The Eco News Roundup brings stories and commentary about issues related to climate change, renewable energy and the environment.
Gould and her partner in crime Johnella LaRose, who is Shoshone-Bannock and Carrizo, founded the Sogorea Te Land Trust in 2012 to reclaim Ohlone land in the Bay Area.
“It’s about decolonizing our own minds and taking back what is ours,” Gould said of their grassroots, woman-led organization. “We are going to be extinct if we do not take care of all of these things.”
In January in East Oakland, on a small urban farm tucked between the Southern Pacific Railroad and the Nimitz Freeway, the food justice organization Planting Justice gifted a quarter-acre of its 2-acre property to Sogorea Te. “We have always believed that reparations are necessary,” said Gavin Raders, Planting Justice’s executive director. “One way we wanted to do that is to put the land in the Sogorea Te Land Trust.”
A marine heatwave in Western Australia in 2010 set off a massive “carbon bomb”, damaging the world’s largest seagrass meadow, releasing millions of tonnes of carbon that had been collected for thousands of years below the surface.
Although Australia doesn’t currently count carbon released from damaged seagrass meadows in its official greenhouse gas emissions, if it did, the results mean those figures might need to be revised upwards by more than 20%.
As much as half of wildlife and 60% of plants in the world’s richest forests could be at risk of extinction in the next century if stronger efforts aren’t taken to combat climate change, according to a new report on the risks of rising global temperatures.
The landmark study was conducted by the World Wildlife Fund, University of East Anglia, and the James Cook University, and published on Tuesday in the journal Climatic Change. It warns that rising temperatures and associated phenomena, including extreme storms, erratic rainfall patterns, and prolonged droughts, could have disastrous effects on some of the world’s most biodiverse areas, including the Amazon river basin, Galapagos islands, southwestern Australia, and coasts of Europe and the Caribbean.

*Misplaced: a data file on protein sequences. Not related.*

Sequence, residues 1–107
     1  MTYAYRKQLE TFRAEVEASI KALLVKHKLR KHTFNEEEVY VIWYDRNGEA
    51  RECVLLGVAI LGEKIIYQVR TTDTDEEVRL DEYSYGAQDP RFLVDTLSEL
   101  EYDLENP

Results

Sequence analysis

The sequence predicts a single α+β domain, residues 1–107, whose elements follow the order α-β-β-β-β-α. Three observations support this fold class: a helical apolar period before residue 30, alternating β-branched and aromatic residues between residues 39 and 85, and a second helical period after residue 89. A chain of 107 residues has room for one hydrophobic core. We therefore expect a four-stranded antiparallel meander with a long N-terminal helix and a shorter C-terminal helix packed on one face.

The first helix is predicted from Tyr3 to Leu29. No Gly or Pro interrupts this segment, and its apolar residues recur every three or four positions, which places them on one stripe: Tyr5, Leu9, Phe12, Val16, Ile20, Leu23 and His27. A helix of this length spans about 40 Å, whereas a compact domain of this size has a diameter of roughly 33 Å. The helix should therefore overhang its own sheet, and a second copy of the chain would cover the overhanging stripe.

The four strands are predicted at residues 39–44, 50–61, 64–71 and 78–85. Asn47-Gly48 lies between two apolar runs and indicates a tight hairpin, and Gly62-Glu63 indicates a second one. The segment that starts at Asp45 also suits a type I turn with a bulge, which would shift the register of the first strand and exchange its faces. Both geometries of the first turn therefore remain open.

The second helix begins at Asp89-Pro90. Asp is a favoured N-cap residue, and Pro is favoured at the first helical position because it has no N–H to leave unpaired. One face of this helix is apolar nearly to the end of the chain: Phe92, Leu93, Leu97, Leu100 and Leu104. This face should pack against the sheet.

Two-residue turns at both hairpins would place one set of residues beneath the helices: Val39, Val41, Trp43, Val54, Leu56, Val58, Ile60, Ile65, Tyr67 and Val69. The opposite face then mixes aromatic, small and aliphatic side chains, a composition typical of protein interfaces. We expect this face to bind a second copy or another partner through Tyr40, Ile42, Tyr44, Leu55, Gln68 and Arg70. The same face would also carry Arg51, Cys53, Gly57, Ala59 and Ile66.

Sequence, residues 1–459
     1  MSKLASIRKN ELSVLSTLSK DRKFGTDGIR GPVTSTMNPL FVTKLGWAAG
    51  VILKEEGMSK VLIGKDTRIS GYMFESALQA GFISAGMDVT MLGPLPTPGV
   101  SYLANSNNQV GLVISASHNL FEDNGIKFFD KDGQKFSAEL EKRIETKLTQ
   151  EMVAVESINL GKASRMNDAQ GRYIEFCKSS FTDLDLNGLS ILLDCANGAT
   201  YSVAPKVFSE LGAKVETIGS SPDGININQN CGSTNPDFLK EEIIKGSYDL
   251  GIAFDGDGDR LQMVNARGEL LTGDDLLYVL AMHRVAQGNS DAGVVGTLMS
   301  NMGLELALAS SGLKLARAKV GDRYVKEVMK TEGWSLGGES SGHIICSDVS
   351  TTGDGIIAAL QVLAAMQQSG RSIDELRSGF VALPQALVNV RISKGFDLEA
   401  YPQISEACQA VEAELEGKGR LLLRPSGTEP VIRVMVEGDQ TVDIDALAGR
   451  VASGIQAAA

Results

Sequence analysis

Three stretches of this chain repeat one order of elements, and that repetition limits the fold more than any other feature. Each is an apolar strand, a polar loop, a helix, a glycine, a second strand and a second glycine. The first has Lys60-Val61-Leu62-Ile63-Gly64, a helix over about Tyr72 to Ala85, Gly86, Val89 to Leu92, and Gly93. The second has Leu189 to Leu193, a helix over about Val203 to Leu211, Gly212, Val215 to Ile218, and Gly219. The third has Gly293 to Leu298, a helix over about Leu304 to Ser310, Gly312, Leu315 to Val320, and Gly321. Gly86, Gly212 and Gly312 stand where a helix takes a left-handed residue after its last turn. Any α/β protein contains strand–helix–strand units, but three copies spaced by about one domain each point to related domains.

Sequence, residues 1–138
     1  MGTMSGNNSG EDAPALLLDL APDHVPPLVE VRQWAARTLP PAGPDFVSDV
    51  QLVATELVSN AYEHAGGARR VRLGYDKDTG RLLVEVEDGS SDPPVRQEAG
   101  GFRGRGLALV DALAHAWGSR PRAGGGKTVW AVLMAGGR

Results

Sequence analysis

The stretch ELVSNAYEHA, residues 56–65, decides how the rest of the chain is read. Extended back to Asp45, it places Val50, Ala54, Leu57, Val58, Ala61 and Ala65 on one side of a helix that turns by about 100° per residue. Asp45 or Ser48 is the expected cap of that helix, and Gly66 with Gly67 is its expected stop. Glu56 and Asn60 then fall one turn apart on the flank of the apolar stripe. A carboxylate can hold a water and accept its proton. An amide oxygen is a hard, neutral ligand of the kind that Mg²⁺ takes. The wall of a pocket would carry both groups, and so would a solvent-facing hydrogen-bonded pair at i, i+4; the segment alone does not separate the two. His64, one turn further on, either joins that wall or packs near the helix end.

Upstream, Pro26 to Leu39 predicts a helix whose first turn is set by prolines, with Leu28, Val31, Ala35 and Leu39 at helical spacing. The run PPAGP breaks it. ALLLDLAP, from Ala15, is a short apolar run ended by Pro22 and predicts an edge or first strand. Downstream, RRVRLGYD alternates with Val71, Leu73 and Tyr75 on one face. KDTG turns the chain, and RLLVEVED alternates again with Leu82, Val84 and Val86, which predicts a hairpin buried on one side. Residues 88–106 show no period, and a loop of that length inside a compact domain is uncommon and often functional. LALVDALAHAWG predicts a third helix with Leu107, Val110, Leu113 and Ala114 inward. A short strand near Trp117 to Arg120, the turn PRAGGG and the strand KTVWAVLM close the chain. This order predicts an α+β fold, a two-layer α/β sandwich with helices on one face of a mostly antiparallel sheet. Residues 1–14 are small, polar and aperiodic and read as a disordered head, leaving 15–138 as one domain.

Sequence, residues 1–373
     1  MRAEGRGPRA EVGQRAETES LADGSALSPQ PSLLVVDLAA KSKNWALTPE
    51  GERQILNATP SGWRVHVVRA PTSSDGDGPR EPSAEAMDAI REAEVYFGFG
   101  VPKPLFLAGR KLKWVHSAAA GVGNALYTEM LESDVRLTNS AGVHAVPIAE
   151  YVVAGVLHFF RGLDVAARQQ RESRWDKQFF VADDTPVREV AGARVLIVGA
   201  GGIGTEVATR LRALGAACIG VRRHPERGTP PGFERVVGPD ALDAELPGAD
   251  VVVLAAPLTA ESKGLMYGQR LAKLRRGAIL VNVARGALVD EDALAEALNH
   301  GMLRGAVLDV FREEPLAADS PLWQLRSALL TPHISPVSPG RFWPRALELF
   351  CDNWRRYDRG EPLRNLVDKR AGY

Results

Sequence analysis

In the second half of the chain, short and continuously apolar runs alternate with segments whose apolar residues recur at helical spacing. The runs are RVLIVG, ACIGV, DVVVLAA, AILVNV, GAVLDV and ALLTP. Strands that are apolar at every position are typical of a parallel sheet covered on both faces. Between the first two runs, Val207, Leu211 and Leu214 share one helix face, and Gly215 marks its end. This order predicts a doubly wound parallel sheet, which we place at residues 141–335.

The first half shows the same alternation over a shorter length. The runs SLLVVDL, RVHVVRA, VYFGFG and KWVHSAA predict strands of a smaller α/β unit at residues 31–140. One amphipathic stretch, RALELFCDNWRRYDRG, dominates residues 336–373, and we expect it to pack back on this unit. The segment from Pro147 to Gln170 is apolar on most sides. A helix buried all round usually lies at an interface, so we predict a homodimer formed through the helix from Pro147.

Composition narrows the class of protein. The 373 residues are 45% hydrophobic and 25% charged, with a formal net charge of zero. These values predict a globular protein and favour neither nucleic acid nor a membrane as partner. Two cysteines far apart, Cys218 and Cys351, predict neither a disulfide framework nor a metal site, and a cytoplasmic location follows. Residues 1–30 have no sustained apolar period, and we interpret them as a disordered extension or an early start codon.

Scientists have outlined plans to build a series of mammoth engineering projects in Greenland and Antarctica to help slow down the disintegration of the planet’s main glaciers. The controversial proposals include underwater walls, artificial islands and huge pumping stations that would channel cold water into the bases of glaciers to stop them from melting and sliding into the sea.
The researchers say the work – costing tens of billions of dollars a time – is urgently needed to prevent polar glaciers melting and raising sea levels. That would lead to major inundations of low-lying, densely populated areas, such as parts of Bangladesh, Japan and the Netherlands.
The sort of severe winter weather that has rattled parts of the US and UK is becoming more common as the Arctic warms, with scientists finding a strong link between high temperatures near the pole and unusually heavy snowfall and frigid weather further south.
A sharp increase in temperatures across the Arctic since the early 1990s has coincided with an uptick in abnormally cold snaps in winter, particularly in the eastern US, according to new research that analyzed temperature data from 1950 onwards.
When people talk about climate change, the focus is often on carbon dioxide, and for good reason. The CO2 pumped into the atmosphere by burning fossil fuels today will hang around for centuries, building up over time and continuing to warm the planet.
It isn’t the only culprit, though. Mixing in are other pollutants that only stick around for a few weeks or years but pack a powerful punch while they’re there. And the Arctic, where the average temperature is rising twice as fast as the rest of the world, has become the unfortunate laboratory where researchers can best measure their impact.
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